You are here

Old Manse, the Reverend William Emerson House

-A A +A
1769–1770; 1845. 269 Monument St.

Few places can claim as many important literary associations as this fascinating house. The Reverend William Emerson built it as his parsonage in 1769–1770. A patriot as well as a divine, he observed the April 19, 1775, battle at the North Bridge (CN11) near his house and joined the Revolutionary Army as chaplain, dying of camp fever after the battle of Fort Ticonderoga. His widow, Phebe, married his successor in the pulpit, the Reverend Ezra Ripley, in 1780. Their descendants continued to live at the Manse until 1939, when they sold it to the Trustees of Reservations. Rev. Ripley's step-grandson Ralph Waldo Emerson used the house in 1835, writing Nature while an occupant. After Ripley's death in 1841, newlyweds Nathaniel and Sophia Hawthorne rented the house for three years (1842–1845). Here Hawthorne wrote most of Mosses from an Old Manse, from which the house has derived its name. The Reverend Samuel Ripley reclaimed the house in 1845 upon his retirement and added the front gable window and the projecting bay on the first floor left. Today, the house contains objects from the mid-eighteenth century on that were owned and used by this remarkable family over nearly two centuries. The Trustees of Reservations maintain the property as a museum.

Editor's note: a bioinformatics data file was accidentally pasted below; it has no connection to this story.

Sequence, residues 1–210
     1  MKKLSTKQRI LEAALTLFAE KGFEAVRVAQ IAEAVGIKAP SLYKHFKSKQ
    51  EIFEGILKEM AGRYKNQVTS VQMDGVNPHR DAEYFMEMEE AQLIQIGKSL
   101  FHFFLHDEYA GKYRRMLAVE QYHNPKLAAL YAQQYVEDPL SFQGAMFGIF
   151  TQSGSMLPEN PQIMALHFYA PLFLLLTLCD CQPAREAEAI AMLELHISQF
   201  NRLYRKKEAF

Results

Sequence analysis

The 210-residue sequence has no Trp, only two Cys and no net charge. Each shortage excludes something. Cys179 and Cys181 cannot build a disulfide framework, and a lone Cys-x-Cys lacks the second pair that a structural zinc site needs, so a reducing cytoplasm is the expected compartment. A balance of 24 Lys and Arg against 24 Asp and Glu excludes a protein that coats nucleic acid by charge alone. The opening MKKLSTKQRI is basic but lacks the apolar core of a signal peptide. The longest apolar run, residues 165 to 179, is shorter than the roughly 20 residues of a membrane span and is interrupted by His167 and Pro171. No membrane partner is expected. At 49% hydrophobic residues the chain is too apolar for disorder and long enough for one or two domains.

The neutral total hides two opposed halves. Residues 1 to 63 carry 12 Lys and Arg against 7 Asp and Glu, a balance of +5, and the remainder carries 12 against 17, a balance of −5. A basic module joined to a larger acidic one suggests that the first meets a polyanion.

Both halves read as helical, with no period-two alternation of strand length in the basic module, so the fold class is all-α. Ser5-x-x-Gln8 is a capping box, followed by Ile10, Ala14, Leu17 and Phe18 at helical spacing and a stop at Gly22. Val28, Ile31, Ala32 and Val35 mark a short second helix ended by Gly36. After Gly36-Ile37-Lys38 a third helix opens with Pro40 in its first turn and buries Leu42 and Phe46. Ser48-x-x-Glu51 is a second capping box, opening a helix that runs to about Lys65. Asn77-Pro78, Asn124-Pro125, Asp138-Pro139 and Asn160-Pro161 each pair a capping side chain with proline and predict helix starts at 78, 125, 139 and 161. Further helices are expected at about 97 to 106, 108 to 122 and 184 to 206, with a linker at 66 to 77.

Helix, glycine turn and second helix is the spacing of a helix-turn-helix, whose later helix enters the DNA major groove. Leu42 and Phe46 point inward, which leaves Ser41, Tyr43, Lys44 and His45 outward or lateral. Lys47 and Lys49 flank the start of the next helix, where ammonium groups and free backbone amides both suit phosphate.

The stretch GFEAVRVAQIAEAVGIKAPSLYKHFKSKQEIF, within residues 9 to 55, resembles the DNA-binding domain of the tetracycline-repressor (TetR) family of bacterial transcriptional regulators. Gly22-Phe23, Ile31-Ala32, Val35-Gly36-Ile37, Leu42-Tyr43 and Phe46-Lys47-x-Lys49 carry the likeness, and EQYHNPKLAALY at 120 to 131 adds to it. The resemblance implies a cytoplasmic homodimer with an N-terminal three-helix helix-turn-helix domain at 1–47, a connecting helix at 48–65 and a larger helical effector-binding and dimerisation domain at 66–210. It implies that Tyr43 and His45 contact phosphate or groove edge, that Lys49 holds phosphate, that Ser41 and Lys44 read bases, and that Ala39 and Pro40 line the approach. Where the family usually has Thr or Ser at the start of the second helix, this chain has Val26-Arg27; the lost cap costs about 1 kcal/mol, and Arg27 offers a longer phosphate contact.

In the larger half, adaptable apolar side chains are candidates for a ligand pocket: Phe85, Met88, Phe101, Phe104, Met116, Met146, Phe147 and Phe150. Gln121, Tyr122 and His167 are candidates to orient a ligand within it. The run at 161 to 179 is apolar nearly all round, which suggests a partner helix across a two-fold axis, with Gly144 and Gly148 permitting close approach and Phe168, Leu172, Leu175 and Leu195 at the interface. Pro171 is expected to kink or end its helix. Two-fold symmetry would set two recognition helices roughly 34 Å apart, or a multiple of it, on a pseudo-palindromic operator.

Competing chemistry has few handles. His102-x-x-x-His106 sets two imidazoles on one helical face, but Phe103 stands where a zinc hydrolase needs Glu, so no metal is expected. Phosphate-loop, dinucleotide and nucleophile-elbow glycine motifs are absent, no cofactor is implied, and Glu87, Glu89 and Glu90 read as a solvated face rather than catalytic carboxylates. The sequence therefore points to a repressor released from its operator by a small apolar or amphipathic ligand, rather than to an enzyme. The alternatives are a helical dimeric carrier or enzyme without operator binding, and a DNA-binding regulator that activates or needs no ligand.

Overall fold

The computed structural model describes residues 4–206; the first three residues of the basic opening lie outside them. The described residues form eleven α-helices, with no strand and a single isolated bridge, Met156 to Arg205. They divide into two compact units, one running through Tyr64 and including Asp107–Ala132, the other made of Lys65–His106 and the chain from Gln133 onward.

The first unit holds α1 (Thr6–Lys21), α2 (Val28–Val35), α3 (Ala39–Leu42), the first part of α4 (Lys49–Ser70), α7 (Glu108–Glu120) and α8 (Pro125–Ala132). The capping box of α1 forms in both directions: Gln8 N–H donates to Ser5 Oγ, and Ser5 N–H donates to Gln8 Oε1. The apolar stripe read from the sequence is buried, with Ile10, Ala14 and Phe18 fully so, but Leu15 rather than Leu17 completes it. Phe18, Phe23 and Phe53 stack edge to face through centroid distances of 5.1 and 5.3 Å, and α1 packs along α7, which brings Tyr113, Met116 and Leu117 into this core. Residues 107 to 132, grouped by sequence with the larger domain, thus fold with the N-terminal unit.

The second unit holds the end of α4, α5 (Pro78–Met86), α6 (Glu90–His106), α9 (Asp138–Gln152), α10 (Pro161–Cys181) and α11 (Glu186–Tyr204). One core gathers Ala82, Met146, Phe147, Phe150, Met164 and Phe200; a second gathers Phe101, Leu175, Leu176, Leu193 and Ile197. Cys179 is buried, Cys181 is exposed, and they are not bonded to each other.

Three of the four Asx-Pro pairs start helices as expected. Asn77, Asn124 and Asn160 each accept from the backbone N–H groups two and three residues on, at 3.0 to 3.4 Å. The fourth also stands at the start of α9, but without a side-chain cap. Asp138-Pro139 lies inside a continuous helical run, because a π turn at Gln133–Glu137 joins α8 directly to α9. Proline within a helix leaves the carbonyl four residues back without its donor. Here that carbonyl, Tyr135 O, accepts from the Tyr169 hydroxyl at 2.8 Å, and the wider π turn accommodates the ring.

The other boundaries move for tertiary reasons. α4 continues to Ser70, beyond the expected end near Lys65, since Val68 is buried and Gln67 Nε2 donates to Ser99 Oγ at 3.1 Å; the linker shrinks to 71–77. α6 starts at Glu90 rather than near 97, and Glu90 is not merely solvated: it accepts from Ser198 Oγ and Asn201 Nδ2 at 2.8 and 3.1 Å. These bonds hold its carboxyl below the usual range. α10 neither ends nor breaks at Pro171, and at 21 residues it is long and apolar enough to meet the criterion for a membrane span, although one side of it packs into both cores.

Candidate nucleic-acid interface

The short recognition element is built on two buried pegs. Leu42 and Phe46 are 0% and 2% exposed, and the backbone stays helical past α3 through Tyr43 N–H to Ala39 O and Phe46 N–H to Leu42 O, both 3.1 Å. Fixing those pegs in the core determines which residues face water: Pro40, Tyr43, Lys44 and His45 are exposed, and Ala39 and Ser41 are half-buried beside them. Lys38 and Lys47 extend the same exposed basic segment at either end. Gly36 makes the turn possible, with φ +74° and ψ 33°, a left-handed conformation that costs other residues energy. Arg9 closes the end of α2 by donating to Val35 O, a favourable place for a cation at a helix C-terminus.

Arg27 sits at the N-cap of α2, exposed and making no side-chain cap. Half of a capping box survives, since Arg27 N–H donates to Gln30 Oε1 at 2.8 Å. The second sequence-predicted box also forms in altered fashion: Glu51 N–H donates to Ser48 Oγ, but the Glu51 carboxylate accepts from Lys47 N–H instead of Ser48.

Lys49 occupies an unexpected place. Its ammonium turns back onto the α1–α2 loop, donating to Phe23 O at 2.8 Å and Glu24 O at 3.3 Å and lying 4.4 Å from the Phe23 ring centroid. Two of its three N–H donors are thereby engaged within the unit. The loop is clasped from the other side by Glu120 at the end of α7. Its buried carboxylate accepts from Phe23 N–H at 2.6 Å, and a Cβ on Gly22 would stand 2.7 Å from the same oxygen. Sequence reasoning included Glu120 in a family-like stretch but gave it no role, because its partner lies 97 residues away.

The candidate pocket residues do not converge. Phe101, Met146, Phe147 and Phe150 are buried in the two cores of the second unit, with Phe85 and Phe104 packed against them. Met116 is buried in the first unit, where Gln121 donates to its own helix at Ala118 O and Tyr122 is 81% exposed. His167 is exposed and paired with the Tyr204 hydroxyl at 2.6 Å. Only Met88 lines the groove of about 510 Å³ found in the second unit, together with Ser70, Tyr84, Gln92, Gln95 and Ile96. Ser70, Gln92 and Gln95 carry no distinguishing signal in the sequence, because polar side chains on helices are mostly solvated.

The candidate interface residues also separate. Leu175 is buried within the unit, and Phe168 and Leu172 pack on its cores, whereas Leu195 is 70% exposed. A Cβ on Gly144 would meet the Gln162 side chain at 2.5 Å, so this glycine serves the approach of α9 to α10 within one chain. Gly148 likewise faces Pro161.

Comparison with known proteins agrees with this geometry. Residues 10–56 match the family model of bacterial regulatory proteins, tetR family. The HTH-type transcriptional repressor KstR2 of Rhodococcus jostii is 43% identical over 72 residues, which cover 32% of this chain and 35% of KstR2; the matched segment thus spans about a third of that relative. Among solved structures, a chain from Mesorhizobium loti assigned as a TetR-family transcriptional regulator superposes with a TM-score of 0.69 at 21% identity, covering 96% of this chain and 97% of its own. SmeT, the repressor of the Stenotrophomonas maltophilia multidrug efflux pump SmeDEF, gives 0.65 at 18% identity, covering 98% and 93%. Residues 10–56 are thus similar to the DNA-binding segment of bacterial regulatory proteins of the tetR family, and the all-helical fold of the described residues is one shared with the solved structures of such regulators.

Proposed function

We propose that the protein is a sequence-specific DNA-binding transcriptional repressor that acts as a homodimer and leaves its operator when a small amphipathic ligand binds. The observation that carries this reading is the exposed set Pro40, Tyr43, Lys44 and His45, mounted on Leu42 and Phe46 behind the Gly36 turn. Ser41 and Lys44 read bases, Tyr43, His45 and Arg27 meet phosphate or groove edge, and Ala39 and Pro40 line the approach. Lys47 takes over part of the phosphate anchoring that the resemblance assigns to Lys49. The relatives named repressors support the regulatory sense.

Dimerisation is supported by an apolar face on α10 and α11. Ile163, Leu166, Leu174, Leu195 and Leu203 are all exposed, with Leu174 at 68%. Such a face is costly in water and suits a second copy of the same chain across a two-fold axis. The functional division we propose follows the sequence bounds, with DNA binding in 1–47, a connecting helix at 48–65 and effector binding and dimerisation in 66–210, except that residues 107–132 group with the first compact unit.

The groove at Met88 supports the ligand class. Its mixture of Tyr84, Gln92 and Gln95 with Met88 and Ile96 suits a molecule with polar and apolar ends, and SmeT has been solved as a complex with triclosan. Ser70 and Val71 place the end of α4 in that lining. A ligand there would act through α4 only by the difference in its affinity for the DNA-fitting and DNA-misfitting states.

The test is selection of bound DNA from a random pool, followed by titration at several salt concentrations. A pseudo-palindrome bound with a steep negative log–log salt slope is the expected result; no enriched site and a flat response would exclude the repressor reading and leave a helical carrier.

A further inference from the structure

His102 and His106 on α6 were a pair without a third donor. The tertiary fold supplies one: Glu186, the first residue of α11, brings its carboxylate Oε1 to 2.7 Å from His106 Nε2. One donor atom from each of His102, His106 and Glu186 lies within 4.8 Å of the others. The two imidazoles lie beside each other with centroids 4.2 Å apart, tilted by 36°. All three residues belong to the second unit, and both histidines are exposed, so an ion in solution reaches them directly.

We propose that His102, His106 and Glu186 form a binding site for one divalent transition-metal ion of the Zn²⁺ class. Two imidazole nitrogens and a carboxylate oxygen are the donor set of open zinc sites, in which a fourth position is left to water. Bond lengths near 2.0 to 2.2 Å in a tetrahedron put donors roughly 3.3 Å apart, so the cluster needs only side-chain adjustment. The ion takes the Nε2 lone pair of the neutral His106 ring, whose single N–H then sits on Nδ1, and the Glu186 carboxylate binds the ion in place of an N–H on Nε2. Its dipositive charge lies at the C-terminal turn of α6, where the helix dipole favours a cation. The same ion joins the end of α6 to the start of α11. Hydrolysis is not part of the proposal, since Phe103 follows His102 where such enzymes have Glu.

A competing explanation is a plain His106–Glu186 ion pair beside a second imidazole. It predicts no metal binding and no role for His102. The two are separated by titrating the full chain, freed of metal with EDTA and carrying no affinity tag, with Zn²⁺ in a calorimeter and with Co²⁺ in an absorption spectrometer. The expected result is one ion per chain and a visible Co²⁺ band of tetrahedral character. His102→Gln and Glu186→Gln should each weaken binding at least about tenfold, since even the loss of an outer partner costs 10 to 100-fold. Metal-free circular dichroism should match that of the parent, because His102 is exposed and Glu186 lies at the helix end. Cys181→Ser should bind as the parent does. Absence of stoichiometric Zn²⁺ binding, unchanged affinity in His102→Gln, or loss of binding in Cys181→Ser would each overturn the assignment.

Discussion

Writing Credits

Keith N. Morgan


What's Nearby


Keith N. Morgan, "Old Manse, the Reverend William Emerson House", [Concord, Massachusetts], SAH Archipedia, eds. Gabrielle Esperdy and Karen Kingsley, Charlottesville: UVaP, 2012—,

Print Source

Cover: Buildings of Massachusetts

Buildings of Massachusetts: Metropolitan Boston, Keith N. Morgan, with Richard M. Candee, Naomi Miller, Roger G. Reed, and contributors. Charlottesville: University of Virginia Press, 2009, 453-454.

If SAH Archipedia has been useful to you, please consider supporting it.

SAH Archipedia tells the story of the United States through its buildings, landscapes, and cities. This freely available resource empowers the public with authoritative knowledge that deepens their understanding and appreciation of the built environment. But the Society of Architectural Historians, which created SAH Archipedia with University of Virginia Press, needs your support to maintain the high-caliber research, writing, photography, cartography, editing, design, and programming that make SAH Archipedia a trusted online resource available to all who value the history of place, heritage tourism, and learning.